When I'm working on a computer that is connected to a single monitor, I often like to display two windows side by side, especially when writing a new blog post.
I display the WordPress admin interface in one browser window, and the developer web page or another source or research option in the second window. This allows me to access information directly without having to juggle around with open windows or tabs in a single browser window.
I recently had a chat with a friend of mine about this and he told me that he was using Windows 7's snap feature to snap two windows next to each other on the operating system. He did that either by moving the windows to the left or right side of the screen, or activating the windows individually, and using the Windows-left arrow or Windows-right arrow shortcut to place them in those locations.
The feature is part of newer versions of Windows, Windows 8.1 and Windows 10, as well.
When I told him that there was another way to do that, one that would even work with more than two windows, he was puzzled at first. Take a look at the following screenshot and see for yourself.
A right-click on a blank spot on the taskbar displays the context menu that you see above. When you select show windows side by side all windows that are currently not in minimized state will be aligned next to each other, so that each window gets the same amount of space on the desktop.
If you have two windows open at the time, each gets 50% and is displayed next to each other vertically. Three windows get 33.3% each, and are displayed vertically on the system, and four windows vertically again with each getting 25% of the available screen space.
All you need to do, therefore, is to open the program windows that you want displayed side by side, right-click the taskbar, and select the show windows side by side option. It may not be much faster for two windows if you run Windows 7 or newer, but it is definitely faster if you want to align three or more windows side by side instead.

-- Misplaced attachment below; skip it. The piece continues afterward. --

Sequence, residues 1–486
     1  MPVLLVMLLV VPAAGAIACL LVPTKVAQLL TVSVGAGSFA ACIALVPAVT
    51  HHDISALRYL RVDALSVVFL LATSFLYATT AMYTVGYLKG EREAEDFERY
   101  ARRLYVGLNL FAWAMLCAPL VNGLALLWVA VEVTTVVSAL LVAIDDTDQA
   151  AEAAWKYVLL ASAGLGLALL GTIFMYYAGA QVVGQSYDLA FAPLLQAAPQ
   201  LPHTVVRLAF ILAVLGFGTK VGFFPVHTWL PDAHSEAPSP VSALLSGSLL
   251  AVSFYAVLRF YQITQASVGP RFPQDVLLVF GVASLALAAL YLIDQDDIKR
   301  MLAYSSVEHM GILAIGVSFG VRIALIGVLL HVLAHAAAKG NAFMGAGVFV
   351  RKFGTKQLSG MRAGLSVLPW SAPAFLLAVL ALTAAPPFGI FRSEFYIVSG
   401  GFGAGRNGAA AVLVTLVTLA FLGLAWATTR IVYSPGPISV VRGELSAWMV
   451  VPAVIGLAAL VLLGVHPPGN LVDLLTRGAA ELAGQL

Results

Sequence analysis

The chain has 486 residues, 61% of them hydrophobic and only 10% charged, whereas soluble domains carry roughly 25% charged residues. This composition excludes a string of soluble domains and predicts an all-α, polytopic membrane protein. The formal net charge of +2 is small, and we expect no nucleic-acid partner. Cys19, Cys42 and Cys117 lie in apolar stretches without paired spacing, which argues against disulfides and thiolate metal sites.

This option is available - maybe under a different name - in previous versions of Windows as well. Microsoft changed the look of the right-click taskbar menu in Windows 10 but the functionality is still available.
You may also select "show windows stacked" or "cascade windows" from the menu to use different display options.
Show windows stacked aligns them vertically so that they are stacked on top of each other.
The cascade windows option displays all windows on top of each other so that only the title and window controls are visible for all but the window in front.
Advertising revenue is falling fast across the Internet, and independently-run sites like Ghacks are hit hardest by it. The advertising model in its current form is coming to an end, and we have to find other ways to continue operating this site.
We are committed to keeping our content free and independent, which means no paywalls, no sponsored posts, no annoying ad formats or subscription fees.
If you like our content, and would like to help, please consider making a contribution:
Ghacks is a technology news blog that was founded in 2005 by Martin Brinkmann. It has since then become one of the most popular tech news sites on the Internet with five authors and regular contributions from freelance writers.